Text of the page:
30 years after communism, eastern Europe divided on democracy’s impact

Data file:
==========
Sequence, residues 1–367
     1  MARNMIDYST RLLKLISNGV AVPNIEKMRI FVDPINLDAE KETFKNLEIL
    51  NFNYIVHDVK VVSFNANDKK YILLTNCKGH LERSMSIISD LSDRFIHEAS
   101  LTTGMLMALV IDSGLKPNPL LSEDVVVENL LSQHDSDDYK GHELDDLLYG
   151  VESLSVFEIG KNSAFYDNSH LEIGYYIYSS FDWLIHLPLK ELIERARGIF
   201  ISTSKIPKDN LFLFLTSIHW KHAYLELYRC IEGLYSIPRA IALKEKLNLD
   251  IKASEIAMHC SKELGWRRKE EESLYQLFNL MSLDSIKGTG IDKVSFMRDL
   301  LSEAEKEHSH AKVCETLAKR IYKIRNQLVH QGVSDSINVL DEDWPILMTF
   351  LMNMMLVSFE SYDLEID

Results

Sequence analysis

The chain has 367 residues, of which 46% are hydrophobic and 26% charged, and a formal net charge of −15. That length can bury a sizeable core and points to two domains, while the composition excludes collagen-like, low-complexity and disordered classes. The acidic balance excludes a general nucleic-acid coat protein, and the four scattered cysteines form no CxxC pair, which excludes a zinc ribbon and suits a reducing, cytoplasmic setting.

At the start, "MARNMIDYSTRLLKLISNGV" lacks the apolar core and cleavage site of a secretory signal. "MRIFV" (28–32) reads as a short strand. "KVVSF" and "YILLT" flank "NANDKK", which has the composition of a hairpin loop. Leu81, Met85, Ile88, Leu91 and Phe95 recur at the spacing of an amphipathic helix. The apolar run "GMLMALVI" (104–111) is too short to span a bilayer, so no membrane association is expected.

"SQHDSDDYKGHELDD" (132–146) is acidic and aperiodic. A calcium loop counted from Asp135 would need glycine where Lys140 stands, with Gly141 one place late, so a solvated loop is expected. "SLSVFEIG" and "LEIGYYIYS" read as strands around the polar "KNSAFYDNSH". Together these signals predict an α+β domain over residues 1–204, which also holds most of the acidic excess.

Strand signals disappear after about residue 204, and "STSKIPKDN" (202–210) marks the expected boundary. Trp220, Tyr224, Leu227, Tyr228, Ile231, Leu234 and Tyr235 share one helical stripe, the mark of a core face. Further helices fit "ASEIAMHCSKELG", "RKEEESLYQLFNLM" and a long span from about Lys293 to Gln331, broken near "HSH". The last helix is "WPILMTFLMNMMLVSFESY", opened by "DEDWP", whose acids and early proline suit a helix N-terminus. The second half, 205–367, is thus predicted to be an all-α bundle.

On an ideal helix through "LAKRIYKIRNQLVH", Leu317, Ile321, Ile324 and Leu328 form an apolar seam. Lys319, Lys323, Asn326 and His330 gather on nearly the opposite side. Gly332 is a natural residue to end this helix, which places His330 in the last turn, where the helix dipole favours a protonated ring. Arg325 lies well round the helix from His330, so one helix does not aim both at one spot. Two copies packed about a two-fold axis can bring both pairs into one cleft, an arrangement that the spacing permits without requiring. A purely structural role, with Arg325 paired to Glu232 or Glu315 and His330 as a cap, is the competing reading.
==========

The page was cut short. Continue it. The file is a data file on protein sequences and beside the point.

“Asked how they felt their countries had advanced, central and eastern Europeans were most positive about education (65%), living standards (61%) and national pride (58%)” writes Jon Henley for Central and eastern European nations also harboured a widespread view that politicians, and to some extent businesspeople, had benefited personally and excessively from the fall of communism, while “ordinary people” had largely not.Up to 85% of people approved of the shift in Poland, eastern Germany and the Czech Republic, for example, but fewer than 55% did so in Bulgaria, Ukraine and Russia.A Pew Research Center survey of 17 countries, including 14 EU member states, found that while most people in central and eastern Europe generally embraced democracy and the market economy, support was far from uniformly strong.

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